MTP/MPO breakout cables (aka. harness cables or fanout cables) are terminated with a female/male MTP/MPO connector on one end and 4/6/8/12 duplex LC/FC/SC/ST connectors on the other end, such as 8-fiber MTP/MPO to 4 LC harness cables and 12-fiber MTP/MPO to 6 LC harness cables. Typically, these breakout cables are ideal for short-range 10G-40G and 25G-100G direct connections or for connecting backbone assemblies to a rack system in the high-density backbone cabling.

Figure 3: 25G-100G Direct Connection with MTP/MPO Breakout Cable.

MTP/MPO Conversion Cables

MTP/MPO conversion cables have the same fanout design as MTP/MPO breakout cables but are different in fiber counts and types. They are terminated with MTP/MPO connectors on both ends. Specifically, commonly-used ones are 24-fiber to 2×12-fiber, 24-fiber to 3×8-fiber, 2×12-fiber to 3×8-fiber MTP/MPO conversion cables. They are especially ideal for 10G-40G, 40G-40G, 40G-100G, 40G-120G connections, which eliminate fiber wasting and largely increase the flexibility of the existing 12-fiber and 24-fiber MTP/MPO cabling system.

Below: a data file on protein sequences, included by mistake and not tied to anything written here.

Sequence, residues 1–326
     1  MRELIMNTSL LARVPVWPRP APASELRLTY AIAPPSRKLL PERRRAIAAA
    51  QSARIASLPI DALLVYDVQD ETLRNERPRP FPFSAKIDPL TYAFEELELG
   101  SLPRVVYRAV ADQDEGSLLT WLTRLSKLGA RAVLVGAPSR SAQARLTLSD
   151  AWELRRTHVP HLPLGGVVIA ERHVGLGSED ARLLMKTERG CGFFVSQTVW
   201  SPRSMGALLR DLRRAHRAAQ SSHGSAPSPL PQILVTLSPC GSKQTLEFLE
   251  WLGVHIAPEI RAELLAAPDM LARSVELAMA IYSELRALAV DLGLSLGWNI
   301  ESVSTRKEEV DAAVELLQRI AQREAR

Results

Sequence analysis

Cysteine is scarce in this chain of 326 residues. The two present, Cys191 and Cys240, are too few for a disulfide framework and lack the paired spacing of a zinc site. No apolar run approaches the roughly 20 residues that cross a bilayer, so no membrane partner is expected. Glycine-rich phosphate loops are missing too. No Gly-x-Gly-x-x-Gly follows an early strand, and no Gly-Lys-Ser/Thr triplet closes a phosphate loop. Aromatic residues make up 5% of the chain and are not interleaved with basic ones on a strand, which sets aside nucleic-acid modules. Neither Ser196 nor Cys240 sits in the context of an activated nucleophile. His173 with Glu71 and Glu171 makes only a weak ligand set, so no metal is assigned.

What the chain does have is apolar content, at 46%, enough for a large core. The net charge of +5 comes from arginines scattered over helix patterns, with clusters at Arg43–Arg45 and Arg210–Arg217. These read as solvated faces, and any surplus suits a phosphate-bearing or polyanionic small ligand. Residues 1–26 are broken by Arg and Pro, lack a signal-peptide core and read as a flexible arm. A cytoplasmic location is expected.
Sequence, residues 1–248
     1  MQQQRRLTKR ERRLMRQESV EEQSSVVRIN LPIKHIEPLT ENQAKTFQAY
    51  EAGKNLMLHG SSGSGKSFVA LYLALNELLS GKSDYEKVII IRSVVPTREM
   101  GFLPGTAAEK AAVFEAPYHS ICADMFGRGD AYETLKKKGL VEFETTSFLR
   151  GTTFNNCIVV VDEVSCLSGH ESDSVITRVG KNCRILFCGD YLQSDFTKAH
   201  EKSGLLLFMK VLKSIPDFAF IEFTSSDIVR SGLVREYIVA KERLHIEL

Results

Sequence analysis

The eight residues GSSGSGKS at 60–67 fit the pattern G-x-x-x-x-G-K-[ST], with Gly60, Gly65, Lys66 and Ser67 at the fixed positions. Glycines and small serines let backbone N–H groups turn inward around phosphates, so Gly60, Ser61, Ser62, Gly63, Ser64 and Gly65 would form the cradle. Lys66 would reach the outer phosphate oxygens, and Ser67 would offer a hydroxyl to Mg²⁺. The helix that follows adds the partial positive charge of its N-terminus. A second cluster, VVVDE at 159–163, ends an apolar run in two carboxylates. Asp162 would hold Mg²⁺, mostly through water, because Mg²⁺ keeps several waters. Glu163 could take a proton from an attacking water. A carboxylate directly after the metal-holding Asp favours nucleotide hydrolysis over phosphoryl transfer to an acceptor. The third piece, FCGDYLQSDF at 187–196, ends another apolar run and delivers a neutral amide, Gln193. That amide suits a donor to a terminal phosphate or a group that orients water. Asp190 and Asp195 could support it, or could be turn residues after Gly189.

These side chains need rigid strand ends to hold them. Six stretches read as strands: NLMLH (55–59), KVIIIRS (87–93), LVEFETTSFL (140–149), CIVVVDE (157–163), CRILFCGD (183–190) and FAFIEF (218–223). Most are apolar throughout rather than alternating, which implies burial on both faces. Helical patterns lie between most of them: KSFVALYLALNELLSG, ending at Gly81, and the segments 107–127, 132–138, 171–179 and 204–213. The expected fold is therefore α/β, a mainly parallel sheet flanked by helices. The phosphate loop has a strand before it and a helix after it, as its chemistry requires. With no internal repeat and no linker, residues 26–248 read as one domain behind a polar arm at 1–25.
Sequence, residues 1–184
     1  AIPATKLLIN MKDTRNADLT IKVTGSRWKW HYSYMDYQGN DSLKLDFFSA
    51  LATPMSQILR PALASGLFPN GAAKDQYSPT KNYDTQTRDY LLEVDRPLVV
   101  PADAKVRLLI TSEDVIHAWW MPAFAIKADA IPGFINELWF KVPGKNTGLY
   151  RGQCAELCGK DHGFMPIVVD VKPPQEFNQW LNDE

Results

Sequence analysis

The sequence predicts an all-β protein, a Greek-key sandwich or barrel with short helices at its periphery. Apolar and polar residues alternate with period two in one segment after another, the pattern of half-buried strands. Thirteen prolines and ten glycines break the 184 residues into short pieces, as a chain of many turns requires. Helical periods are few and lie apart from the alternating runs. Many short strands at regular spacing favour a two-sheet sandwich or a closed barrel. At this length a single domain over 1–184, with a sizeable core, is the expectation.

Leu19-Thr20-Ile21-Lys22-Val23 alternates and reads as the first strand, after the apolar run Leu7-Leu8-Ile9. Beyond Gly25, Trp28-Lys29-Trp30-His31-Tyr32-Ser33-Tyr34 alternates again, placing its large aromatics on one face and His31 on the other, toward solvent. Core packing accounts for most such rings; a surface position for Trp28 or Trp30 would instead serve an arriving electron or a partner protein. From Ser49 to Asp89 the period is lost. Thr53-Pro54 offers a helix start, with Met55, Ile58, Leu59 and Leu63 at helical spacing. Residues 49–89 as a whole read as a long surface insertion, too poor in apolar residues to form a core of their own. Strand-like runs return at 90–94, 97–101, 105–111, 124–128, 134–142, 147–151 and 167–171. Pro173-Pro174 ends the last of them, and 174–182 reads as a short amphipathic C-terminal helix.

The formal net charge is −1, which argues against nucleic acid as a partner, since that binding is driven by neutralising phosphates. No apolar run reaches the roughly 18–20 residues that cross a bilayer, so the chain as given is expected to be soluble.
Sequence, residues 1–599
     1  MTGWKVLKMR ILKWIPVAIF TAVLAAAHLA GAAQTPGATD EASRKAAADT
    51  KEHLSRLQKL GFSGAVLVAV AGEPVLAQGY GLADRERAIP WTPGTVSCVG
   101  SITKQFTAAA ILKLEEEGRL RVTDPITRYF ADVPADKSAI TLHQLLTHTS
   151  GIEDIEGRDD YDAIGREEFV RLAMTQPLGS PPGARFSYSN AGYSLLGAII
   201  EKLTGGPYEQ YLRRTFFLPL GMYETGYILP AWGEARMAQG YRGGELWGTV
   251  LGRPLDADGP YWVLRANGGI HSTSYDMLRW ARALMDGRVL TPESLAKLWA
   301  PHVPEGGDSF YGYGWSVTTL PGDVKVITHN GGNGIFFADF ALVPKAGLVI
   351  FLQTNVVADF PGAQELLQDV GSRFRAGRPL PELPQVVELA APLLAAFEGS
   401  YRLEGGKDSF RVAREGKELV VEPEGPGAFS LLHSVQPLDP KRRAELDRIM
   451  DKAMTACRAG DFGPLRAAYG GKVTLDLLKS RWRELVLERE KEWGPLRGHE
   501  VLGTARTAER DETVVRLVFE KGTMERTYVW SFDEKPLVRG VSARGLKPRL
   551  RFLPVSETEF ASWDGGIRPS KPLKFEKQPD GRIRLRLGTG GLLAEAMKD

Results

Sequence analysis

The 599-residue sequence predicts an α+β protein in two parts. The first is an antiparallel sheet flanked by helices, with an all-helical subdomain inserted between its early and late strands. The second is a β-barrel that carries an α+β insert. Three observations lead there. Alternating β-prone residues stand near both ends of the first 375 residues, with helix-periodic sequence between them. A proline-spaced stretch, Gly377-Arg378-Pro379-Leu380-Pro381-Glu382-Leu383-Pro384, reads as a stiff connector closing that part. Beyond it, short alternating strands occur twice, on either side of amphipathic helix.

Figure 4: 40G-120G Direct Connection with MTP/MPO Conversion Cable.

By Polarity

Polarity refers to the matching of the optical transmitter and receiver at both ends of a fiber link. In traditional cabling systems, connectors like LC/ SC can be easily matched, so there is no polarity issue. However, due to the special design of MTP/MPO connectors, polarity issues must be addressed in high-density MTP/MPO cabling systems. To ensure proper polarity, the TIA 568 standard defined three connectivity methods called Method A, Method B, Method C. So there are Type A, Type B and Type C MTP/MPO cables with different structures according to these methods. These MTP/MPO cables usually connect with different MTP/MPO cassettes and fiber patch cables to ensure the right polarity of the optical circuit. Read the white paper Understanding MTP/MPO Cable Polarity for more information about common 8/12/24-fiber MTP/MPO cable polarity and connectivity methods.

Figure 5: 12-Fiber MTP/MPO Cable Polarity.

By Fiber Count